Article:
A study that began in 2009 continues to work out results as the plan to bring a new sewer system to Deer Park, North Babylon and West Babylon will begin to move into the next phases in coming months. The study aims to eventually bring a new sewage system to the local area that helps reduce harm being done to the environment from septic tanks and cesspools.
A group of legislators, which included local representatives Lou D’Amaro (D–North Babylon, Deer Park), Wayne Horsley (D-Babylon) and Thomas Barraga (R-West Islip), announced the approval of a feasibility study in December 2009 to explore the costs and effectiveness a new system would have on the hamlets. Since the announcement, a trio of companies – Tri-Venture of Dvirka & Bartilucci, Gannett Fleming and LiRo – have continued to study the area, compiling data on septic pool and cesspool failures, as well as mapping preliminary layouts of typical sewer sheds in priority areas, made cost estimate templates for sewer size, depth, dewatering, pumping stations, connections and restoration costs.
“When the Southwest Sewer District was constructed back in the 1970’s, most of these communities, particularly those located north of the Southern State Parkway, were not included,” said Legislator D’Amaro in a 2009 release. He noted in a recent interview with Patch that the sewer system in those areas were long overdue for repairs and replacement.
The most recent update for residents of these areas came in a public meeting this past February. The meetings allowed residents to voice their questions and concerns to the legislators and project managers, including detailed information on how sewer installation would affect downtown revitalization, housing and economic development as well as ground and surface water.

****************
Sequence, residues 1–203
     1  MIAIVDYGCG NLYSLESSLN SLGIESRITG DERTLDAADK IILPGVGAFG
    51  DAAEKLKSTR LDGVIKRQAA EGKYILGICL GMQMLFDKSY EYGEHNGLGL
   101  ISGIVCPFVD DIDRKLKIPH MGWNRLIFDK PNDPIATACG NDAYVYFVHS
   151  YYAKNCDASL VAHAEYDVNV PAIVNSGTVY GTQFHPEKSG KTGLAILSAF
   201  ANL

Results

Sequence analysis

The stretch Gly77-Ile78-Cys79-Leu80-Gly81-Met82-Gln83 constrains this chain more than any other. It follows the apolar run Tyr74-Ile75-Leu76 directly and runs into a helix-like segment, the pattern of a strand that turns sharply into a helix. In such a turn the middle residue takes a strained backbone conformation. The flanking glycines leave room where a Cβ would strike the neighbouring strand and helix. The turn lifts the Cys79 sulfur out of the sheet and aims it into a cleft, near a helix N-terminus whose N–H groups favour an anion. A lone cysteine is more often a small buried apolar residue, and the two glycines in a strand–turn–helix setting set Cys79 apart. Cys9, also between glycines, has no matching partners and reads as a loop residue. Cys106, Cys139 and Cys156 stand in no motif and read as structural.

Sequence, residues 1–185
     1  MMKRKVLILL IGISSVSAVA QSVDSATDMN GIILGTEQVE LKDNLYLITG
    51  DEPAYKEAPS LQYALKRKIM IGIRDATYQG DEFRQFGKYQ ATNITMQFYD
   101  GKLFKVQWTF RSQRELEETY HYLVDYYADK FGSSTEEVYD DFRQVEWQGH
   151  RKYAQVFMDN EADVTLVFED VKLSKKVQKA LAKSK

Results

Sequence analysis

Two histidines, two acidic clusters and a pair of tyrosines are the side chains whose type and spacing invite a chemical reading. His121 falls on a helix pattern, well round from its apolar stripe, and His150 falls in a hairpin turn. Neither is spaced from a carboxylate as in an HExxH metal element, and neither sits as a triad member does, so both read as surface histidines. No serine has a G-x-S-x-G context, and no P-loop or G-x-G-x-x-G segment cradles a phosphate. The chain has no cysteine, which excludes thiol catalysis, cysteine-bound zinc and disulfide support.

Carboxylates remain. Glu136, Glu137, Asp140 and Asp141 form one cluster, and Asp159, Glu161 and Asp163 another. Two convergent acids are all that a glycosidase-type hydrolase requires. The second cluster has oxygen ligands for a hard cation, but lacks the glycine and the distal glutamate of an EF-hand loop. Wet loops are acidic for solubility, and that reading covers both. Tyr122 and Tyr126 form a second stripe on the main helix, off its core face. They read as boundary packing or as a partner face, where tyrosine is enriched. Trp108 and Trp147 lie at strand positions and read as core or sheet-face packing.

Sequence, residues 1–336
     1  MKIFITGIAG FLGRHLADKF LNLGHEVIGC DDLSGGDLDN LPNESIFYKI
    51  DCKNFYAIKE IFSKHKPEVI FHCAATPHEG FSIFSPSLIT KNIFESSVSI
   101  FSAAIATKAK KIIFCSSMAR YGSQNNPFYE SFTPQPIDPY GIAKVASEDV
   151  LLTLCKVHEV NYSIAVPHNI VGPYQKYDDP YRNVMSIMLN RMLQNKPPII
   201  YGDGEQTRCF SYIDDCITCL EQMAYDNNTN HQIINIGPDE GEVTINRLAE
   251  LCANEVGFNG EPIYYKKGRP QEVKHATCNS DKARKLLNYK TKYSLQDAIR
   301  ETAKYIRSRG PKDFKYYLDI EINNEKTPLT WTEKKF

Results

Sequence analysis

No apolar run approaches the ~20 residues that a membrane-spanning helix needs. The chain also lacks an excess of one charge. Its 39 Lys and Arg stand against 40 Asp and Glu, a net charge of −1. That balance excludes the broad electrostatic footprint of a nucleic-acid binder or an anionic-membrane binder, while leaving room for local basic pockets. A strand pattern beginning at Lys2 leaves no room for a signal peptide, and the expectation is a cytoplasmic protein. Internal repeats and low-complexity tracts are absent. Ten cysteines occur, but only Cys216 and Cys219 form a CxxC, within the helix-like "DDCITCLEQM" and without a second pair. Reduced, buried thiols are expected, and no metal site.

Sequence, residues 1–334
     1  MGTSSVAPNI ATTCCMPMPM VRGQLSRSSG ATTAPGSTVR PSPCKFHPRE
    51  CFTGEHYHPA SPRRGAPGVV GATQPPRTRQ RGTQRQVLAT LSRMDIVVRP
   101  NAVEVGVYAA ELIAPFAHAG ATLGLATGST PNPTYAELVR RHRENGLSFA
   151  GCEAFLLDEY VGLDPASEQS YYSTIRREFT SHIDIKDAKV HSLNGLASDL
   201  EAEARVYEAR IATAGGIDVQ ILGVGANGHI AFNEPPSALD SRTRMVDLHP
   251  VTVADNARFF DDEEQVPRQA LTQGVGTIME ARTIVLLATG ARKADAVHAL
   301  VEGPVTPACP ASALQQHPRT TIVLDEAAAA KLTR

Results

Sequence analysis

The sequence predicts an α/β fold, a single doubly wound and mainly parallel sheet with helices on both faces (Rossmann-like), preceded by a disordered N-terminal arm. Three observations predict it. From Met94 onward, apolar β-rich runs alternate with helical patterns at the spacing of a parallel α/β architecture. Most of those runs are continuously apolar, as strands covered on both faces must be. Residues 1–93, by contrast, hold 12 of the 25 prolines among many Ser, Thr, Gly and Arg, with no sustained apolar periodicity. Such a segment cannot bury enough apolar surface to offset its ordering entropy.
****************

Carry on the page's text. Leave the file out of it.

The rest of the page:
The study area is comprised of nearly 15 square miles and contains a population of approximately 100,000. Should the project ultimately move forward, the Bergen Point wastewater facility will have to process an additional 12 to 15 million gallons of wastewater flow per day, according to study experts. The Suffolk County Department of Public Works officials noted that Bergen Point is presently being expanded to a capacity of 40 million gallons so it will be able to accommodate the added wastewater flow associated with this project.
Boris Rukovets, P.E., the Suffolk County Department of Public Works Special Project Supervisor, said he thinks the project would be a win-win for both the County and local residents.
“The expansion of the sanitary sewer infrastructure could help current property owners with chronic on-site system problems resulting in frequent pump outs,” he said. “The sewer district expansion will improve area groundwater and surface water quality, and support economic development and revitalization of the area.”
“Damage being done to the environment there is severe,” D’Amaro said, noting the high costs of replacing home sewage systems. “We needed to study if it was economic feasible for us to move forward.”
The group is expected to present new findings in a public meeting this July and Leg. D’Amato said the lawmakers would not move forward on any plan until public hearings are held.
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